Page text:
The renewal of interest in Zn-Pb non-sulphide ores has been induced by mineral processing improvement and leads to new exploration and mining projects in the world. Although the mineralogy is often precisely known, and despite several studies linking ore deposition to regional tectonics, absolute dating of non-sulphide stages is rare and structure of ore bodies was largely disregarded. Geochronological data from non-sulphide ores are essential to timely constrain alteration episodes and to insert supergene ore genesis in the climate and tectonic evolution of the metallogenic province. The access to internal organization of ore could reveal post-mineralization episodes related to supergene evolution. Thus, a rock magnetism study combining anisotropy of magnetic susceptibility (AMS) and palaeomagnetism was performed on four non-sulphide deposits from the Moroccan High Atlas. AMS generally shows similar horizontal magnetic fabrics for ores and the clayey and carbonaceous internal sediments filling karstic cavities. The palaeomagnetic directions of ores and internal sediments are compatible, and the calculated poles are consistent with the last 30 Ma of the Africa apparent polar wander path, with an upper age at 0.78 Ma. The proposed three-step scenario is placed within the evolution of the Moroccan High Atlas belt. Deposition of primary sulphides is contemporaneous with opening of the Tethyan and Atlantic oceans. During the Tertiary, intracontinental deformation gave rise to the High Atlas fold-and-thrust belt and to regional uplift. Finally, Zn-Pb sulphides hosted in carbonates experienced oxidation under an arid climate to form karst-related Zn-Pb non-sulphide ores. These promising results pave the way for an efficient method to constrain the internal fabrics and age of Zn supergene deposits.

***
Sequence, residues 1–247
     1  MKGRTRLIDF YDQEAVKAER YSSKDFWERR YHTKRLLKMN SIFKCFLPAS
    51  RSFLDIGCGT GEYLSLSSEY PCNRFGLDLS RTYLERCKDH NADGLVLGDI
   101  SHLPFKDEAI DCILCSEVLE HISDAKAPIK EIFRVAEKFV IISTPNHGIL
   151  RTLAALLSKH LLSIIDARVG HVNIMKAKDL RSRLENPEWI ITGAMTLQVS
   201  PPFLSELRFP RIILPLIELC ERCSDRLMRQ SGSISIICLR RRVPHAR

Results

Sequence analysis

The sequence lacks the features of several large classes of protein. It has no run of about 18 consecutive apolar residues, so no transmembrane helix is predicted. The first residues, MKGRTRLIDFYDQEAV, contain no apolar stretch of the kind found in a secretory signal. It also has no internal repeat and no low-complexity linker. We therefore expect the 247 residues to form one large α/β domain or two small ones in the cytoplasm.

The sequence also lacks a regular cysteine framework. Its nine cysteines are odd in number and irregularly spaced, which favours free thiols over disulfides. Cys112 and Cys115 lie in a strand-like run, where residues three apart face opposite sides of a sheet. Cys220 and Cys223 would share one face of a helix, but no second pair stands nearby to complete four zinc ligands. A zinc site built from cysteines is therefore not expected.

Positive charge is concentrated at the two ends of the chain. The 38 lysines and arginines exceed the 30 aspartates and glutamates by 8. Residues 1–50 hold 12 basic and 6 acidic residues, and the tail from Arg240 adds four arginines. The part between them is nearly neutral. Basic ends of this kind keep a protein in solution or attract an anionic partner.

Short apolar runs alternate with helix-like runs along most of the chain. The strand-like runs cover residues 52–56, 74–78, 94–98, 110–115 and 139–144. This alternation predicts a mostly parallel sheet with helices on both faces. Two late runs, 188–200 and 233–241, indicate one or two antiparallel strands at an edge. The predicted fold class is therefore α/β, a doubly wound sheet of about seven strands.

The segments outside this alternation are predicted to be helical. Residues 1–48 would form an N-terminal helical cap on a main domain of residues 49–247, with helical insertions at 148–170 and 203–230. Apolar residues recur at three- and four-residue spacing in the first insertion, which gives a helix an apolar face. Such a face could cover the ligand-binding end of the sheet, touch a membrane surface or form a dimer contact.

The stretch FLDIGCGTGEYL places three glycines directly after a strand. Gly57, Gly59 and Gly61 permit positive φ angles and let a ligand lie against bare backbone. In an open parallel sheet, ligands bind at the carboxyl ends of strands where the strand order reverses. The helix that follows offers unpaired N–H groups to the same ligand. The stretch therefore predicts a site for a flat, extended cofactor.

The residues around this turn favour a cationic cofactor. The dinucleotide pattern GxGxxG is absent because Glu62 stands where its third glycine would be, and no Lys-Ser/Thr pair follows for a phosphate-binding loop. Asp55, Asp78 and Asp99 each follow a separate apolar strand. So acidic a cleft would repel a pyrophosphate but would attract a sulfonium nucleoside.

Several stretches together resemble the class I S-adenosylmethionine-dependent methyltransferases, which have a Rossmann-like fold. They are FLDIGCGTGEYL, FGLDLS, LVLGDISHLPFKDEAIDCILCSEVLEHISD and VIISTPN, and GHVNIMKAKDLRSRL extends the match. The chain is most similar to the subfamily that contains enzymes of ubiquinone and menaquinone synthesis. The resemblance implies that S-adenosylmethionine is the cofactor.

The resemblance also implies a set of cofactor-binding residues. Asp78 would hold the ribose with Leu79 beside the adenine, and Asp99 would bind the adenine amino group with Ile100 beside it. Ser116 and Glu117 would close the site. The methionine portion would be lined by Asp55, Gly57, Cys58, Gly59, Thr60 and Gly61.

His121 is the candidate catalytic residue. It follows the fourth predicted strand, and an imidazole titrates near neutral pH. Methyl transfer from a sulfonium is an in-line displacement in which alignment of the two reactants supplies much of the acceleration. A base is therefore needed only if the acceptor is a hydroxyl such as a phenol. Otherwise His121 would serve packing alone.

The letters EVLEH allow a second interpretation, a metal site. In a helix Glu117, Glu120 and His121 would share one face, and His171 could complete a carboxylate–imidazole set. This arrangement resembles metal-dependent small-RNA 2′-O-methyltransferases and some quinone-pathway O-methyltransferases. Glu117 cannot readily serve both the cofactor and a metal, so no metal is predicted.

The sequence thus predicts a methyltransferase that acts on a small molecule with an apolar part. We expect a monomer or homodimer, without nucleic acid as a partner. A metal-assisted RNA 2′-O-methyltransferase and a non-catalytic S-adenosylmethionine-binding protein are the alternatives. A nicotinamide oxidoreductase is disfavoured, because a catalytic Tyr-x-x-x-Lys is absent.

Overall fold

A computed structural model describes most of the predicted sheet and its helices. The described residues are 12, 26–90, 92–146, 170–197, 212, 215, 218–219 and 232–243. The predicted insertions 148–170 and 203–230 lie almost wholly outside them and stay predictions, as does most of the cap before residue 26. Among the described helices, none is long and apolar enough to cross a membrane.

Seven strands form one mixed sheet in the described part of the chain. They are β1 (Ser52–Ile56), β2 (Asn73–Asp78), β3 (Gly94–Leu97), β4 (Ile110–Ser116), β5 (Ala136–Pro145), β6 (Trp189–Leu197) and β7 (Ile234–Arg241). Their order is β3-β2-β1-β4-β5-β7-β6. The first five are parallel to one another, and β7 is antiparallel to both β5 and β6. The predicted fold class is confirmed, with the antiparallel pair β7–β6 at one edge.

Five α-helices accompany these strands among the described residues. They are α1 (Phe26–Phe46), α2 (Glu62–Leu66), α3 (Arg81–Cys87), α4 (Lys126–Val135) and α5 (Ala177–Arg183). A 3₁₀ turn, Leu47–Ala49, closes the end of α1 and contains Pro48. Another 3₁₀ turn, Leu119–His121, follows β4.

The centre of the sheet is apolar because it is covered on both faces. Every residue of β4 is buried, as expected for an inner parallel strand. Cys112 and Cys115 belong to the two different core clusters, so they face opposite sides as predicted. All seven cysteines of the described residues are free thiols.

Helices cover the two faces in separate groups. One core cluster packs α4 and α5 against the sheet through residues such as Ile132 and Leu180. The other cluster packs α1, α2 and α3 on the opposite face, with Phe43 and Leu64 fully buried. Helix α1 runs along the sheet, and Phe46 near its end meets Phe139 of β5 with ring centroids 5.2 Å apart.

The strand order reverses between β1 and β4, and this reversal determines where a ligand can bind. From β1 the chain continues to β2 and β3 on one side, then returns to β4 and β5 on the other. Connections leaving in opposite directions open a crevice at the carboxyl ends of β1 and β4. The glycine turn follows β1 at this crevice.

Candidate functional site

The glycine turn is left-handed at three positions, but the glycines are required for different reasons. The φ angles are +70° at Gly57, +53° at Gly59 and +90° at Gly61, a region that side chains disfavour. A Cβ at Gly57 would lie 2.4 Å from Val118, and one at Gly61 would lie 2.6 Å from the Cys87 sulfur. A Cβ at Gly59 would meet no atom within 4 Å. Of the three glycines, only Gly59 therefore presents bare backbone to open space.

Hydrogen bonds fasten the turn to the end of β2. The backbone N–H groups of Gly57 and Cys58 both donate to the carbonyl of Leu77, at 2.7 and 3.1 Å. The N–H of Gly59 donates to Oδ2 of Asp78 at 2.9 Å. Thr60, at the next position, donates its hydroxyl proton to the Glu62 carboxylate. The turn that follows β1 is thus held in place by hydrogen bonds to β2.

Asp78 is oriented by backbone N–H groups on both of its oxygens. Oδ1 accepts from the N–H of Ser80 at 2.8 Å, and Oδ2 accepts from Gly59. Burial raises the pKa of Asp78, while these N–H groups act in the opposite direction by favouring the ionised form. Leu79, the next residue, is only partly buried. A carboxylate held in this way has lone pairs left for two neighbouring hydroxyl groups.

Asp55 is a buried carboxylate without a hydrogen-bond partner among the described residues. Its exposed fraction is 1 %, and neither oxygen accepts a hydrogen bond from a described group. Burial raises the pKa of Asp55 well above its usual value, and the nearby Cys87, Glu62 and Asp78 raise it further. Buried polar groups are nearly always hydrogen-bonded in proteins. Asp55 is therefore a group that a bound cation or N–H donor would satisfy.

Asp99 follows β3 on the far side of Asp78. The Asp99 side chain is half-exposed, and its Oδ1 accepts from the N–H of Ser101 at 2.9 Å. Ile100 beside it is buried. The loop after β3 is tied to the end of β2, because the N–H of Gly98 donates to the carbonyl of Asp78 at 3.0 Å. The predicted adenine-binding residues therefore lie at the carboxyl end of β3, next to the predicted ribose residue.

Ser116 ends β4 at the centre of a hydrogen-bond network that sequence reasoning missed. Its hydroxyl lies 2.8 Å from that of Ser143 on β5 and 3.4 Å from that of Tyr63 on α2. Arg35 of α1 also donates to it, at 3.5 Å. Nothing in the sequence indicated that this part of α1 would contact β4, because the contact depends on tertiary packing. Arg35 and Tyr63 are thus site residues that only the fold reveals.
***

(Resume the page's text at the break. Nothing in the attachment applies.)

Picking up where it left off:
16. Effects of sulphide ion on the corrosion behaviour of X52 steel in a carbon dioxide environment at temperature 40 deg. C

    International Nuclear Information System (INIS)